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New Oral Antibiotic Superior to Oral Vancomycin in Controlling C Difficile Diarrhea

Fidaxomicin is superior to vancomycin in treating recurrences of gastrointestinal Clostridium difficile infection, according to a blinded randomized trial presented here at the 50th Interscience Conference on Antimicrobial Agents and Chemotherapy (ICAAC).

"Over 20 years, vancomycin has been the best drug for efficacy [in the treatment of C difficile infection. The problem is that the recurrence rate in sick people, like those we included in the study, is about 30%. Now we know we can prevent recurrences after vancomycin with fidaxomicin. Fidaxomicin was also superior as first-line treatment in phase 3 studies. In my view, this is a dramatic change," said Oliver A. Cornely, MD, from the University Hospital of Cologne in Germany.

Fidaxomicin is a first-in-class oral macrocyclic antibiotic developed by Optimer Pharmaceuticals. The drug has a narrow spectrum of activity against normal gut flora, with potent bactericidal activity against C difficile. It attacks the pathogenic bacteria while sparing normal protective gastrointestinal flora. In contrast, vancomycin, which is approved for this indication, and metronidazole, which is often used as treatment, suppress the growth of normal endogenous flora.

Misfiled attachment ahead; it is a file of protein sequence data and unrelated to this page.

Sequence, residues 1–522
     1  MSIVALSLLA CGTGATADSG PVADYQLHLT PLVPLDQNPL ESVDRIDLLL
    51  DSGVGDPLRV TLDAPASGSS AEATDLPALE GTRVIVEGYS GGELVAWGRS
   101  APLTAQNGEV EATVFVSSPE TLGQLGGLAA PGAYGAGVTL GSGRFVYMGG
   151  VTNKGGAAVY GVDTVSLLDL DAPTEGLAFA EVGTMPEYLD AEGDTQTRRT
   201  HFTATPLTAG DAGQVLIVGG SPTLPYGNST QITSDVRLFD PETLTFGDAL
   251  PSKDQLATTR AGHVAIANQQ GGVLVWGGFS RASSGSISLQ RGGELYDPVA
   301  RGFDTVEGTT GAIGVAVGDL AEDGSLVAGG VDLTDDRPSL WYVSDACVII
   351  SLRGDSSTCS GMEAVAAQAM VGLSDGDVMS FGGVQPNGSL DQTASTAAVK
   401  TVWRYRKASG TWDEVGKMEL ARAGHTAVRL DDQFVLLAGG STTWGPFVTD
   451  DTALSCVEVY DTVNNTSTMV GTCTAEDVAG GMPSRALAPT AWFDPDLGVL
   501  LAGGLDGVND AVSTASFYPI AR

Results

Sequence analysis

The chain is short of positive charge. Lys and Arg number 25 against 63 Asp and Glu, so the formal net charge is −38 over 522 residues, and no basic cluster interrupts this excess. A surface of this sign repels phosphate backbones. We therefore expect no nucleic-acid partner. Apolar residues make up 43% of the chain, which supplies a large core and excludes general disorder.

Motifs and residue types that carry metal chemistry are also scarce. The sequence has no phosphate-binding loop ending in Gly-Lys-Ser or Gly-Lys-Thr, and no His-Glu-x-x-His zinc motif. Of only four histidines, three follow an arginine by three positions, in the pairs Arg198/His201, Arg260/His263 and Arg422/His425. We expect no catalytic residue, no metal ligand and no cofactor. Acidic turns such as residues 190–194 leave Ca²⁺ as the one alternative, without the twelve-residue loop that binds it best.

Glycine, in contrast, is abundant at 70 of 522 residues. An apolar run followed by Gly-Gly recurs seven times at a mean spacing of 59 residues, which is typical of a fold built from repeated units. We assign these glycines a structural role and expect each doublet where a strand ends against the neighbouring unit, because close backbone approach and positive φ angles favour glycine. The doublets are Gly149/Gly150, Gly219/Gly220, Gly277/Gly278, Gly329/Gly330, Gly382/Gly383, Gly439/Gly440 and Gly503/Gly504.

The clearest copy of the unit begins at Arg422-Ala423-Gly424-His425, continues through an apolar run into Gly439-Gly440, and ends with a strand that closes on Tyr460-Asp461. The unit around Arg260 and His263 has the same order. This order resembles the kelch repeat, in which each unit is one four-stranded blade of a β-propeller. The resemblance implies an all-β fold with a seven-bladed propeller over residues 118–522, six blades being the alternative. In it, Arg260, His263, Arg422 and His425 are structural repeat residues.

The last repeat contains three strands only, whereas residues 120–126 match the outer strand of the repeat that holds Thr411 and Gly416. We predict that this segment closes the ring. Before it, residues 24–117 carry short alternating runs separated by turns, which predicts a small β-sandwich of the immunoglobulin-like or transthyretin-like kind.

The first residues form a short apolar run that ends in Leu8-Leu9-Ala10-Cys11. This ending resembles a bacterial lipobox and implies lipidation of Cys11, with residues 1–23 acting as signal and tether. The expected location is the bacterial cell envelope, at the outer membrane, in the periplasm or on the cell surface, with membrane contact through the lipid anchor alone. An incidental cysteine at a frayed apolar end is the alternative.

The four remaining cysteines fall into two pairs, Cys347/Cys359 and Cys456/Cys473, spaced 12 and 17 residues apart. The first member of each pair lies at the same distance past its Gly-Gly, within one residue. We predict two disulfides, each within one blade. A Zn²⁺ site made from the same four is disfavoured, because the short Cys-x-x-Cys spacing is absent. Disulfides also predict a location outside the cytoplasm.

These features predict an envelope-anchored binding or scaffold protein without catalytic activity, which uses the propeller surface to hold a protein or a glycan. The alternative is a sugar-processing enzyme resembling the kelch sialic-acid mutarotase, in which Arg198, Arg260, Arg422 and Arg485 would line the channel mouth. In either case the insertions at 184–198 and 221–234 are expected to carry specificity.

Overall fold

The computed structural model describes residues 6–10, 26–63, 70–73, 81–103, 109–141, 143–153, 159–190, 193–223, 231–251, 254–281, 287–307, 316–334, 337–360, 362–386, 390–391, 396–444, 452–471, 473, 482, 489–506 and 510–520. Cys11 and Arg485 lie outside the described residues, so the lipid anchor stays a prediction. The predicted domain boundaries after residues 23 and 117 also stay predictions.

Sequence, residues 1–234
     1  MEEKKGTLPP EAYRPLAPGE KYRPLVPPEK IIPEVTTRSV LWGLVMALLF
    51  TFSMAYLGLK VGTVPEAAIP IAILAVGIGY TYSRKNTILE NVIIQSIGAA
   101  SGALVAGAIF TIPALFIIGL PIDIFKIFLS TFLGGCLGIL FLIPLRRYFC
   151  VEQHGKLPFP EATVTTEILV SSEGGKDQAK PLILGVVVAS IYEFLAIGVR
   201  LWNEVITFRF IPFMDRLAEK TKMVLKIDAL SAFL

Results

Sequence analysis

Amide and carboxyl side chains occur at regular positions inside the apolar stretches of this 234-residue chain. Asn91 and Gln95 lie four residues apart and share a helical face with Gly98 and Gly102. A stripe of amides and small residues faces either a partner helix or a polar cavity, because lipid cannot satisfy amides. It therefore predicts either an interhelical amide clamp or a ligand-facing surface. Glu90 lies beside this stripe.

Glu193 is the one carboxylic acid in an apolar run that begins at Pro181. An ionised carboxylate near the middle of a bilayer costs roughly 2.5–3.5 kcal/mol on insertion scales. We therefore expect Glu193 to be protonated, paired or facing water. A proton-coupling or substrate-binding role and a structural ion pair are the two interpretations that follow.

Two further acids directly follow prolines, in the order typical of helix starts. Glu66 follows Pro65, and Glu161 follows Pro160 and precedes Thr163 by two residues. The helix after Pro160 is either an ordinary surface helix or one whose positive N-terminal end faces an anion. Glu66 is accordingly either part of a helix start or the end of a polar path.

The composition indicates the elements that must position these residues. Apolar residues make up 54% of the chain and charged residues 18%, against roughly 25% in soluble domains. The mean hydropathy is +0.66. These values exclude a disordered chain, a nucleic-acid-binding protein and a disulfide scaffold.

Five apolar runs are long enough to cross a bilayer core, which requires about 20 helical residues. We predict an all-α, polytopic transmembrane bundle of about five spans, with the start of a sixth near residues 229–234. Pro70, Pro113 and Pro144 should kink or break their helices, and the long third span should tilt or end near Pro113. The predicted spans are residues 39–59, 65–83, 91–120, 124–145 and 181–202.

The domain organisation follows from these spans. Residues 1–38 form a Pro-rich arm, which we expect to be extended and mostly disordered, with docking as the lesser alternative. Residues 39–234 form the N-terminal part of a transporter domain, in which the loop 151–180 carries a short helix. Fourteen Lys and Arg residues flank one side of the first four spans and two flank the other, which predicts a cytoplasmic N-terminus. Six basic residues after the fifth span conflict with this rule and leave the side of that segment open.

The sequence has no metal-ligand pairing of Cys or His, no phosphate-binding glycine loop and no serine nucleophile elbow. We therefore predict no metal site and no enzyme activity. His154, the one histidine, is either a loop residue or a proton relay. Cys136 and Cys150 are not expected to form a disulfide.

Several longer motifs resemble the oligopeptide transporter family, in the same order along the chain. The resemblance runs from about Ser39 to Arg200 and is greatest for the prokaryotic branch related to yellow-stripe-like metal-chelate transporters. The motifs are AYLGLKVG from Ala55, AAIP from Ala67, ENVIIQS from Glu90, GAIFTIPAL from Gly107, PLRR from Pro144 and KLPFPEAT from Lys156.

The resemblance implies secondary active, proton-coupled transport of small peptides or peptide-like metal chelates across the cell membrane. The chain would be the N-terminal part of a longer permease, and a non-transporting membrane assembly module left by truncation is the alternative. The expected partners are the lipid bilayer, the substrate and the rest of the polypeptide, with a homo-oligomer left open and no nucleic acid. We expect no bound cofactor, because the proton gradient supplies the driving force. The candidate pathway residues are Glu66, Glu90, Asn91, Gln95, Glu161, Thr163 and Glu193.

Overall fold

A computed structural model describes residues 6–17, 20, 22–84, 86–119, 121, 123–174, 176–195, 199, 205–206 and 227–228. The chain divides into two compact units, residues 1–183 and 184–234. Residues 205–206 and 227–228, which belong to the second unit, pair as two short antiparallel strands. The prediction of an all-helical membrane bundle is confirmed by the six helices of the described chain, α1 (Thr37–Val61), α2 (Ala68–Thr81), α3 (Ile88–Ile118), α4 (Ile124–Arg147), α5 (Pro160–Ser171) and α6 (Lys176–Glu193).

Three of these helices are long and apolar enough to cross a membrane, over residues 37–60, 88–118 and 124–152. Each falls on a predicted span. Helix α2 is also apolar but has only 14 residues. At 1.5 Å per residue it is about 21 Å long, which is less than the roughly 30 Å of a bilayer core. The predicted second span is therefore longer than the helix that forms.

The study presented at ICAAC focused on a prespecified nested population of 178 patients with a first recurrence within 90 days of a previous episode. Patients were then randomized to receive either fidaxomicin or vancomycin. These 178 patients came from 2 randomized phase 3 trials of 1164 patients with acute C difficile infection. In both phase 3 trials, fidaxomicin was noninferior to oral vancomycin in preventing symptom recurrence within 30 days of completing 10 days of therapy.

Recurrence was defined as 3 or more unformed bowel movements in the 24 hours prior to randomization and the presence of C difficile toxin A or B in the stool within 48 hours of randomization; this definition was used in the original phase 3 trials and in the nested trial.

For 10 days, patients received oral fidaxomicin 200 mg twice daily or oral vancomycin 125 mg 4 times daily. More than 90% of both groups responded to initial therapy in the phase 3 trials.

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